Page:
From Robert Ulph on August 20, 2021
In May this year, as part of the Queen’s Speech, when the government set out their plans for the next parliamentary session, there were four key elements on the housing sector. These were significant changes to planning rules, a new Building Safety Regulator, leasehold changes which affect ground rents, and the next steps for Renters Reform.
The developments for reform in the private rented sector (PRS) include the government’s consultation response on reforming tenancy law to abolish Section 21, along with their proposals on the ‘lifetime’ tenancy deposit scheme. A White Paper detailing the whole reform package will be published in the Autumn with legislation following shortly after.
At the time of the speech Timothy Douglas, Propertymark Policy and Campaigns Manager commented: “Propertymark will be engaging with MHCLG and MPs to ensure they fully understand the consequences of any changes. We will also be scrutinising the White Paper and proposed legislation, to ensure the best possible outcome for our members.”
More recently we have heard confirmation from the government on what the plans mean for a shake-up with assured shorthold tenancies, when Housing Minister Lord Greenhalgh said the government was committed to delivering a package of reforms.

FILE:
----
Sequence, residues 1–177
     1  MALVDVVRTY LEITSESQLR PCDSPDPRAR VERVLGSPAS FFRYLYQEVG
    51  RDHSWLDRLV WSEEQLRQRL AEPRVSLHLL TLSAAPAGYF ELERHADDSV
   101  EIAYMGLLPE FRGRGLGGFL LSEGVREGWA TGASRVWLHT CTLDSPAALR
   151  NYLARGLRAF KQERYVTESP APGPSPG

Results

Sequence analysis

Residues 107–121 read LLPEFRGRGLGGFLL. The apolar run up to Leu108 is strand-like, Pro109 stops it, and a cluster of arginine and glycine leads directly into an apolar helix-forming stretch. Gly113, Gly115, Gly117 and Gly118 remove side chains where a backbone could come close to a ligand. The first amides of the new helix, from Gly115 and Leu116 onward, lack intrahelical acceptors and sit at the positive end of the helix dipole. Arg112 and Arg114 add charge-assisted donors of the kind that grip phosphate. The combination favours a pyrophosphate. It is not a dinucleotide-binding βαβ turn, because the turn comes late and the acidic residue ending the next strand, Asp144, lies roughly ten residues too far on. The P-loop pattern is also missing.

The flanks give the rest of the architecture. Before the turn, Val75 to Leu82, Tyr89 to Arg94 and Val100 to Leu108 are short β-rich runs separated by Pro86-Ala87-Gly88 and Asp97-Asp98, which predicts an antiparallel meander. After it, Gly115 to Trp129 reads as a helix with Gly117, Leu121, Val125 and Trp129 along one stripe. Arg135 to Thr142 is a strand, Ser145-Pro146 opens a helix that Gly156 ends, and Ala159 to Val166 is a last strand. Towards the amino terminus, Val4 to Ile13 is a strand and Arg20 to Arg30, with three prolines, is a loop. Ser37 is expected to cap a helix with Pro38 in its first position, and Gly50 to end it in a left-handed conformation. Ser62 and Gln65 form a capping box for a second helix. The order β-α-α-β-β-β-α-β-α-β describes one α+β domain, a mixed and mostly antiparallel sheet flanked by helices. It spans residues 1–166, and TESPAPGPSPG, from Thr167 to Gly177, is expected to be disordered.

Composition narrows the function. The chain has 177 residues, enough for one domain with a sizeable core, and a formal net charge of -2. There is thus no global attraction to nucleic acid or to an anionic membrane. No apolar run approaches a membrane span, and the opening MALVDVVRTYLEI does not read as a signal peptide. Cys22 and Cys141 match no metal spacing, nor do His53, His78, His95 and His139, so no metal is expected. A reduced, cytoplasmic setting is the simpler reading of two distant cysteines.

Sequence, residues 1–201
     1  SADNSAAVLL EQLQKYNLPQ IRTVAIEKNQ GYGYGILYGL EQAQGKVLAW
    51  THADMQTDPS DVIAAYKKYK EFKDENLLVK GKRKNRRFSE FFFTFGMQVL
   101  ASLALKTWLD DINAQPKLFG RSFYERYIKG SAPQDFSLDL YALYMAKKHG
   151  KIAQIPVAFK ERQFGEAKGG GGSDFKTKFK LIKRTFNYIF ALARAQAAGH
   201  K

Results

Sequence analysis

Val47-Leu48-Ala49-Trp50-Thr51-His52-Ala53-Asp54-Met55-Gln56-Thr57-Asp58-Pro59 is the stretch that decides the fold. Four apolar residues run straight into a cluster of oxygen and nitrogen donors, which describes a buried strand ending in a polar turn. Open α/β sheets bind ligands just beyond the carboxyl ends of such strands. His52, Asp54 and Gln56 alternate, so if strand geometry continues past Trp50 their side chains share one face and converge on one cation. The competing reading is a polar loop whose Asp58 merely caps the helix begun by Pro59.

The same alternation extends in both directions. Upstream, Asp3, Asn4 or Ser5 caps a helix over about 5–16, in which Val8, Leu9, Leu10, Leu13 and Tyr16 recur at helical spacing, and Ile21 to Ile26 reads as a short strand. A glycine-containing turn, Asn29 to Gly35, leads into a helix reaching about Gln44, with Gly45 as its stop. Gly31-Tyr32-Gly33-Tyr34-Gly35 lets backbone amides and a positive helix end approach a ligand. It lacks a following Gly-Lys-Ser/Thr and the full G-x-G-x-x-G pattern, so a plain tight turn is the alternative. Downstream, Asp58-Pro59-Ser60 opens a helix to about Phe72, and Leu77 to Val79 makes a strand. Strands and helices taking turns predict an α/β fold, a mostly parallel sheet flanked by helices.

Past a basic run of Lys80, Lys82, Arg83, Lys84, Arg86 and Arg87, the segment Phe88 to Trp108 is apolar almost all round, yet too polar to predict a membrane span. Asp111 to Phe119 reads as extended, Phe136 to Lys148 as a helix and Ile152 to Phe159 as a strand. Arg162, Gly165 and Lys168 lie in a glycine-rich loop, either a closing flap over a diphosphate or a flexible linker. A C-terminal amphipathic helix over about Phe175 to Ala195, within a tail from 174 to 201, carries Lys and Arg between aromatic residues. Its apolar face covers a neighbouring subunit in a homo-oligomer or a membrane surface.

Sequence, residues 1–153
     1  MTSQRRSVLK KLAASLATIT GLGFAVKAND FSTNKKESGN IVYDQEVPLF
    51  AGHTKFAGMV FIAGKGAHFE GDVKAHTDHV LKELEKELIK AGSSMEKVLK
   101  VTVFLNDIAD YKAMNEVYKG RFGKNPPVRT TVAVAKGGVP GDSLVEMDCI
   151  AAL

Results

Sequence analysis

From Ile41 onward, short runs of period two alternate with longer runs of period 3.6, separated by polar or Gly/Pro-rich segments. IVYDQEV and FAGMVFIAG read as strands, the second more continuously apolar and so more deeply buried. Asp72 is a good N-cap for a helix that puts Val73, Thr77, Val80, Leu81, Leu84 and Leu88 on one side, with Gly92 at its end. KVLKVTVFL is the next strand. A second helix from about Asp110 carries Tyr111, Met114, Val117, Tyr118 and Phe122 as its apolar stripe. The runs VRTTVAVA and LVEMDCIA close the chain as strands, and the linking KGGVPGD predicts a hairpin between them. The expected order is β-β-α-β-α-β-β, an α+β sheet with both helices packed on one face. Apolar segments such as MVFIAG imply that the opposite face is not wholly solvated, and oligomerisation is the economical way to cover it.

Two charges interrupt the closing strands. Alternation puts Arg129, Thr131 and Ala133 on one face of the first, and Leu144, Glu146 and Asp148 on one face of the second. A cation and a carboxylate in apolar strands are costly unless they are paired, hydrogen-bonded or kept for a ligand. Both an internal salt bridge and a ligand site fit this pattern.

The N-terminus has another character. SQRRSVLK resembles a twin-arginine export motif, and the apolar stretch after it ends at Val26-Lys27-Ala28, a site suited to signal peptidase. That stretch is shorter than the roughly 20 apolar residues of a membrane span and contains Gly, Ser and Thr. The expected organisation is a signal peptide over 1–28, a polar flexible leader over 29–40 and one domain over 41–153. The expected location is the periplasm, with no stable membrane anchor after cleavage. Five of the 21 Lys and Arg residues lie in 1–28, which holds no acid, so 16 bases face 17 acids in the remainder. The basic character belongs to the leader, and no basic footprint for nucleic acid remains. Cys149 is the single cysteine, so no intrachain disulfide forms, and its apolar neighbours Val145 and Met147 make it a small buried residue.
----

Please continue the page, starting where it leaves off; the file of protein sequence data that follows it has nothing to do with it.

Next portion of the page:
“A key part of our future PRS reforms is to ensure the flexibility of private rental tenancies is retained, whilst balancing increased security for those tenants who need and want it, alongside driving an improvement in the quality and standards of PRS accommodation,” Lord Greenhalgh commented.
In the consultation document – A New Deal for Renting – the government said landlords who evict tenants for rent arrears or anti-social behaviour using ‘no fault’ grounds masked valid reasons for eviction, which fuelled a culture of mistrust and uncertainty.
“The ability to use section 21 rests in the assured shorthold tenancies regime. The government is of the view that, with section 21 removed, the assured shorthold regime no longer serves a practical purpose as the ability to create fixed-term tenancies already exists in the Housing Act 1988.”
With section 21 removed, all future tenancies would be assured, either as fixed-term assured tenancies or contractual periodic assured tenancies. It would mean the default position will be that a tenancy is a periodic assured tenancy unless the landlord and tenant have agreed a fixed term in writing. A tenant under an assured tenancy won’t be evicted unless the landlord can provide grounds under Schedule 2 of the Housing Act 1988 or at a break point in the tenancy contract where a break clause has been agreed between them.
We will await the publication of the White Paper due in the Autumn to see the details of the whole reform package to see what new legislation the sector could be facing. I will keep you updated but if you would like more information or to discuss any other matters on the local property market, please do not hesitate to contact me.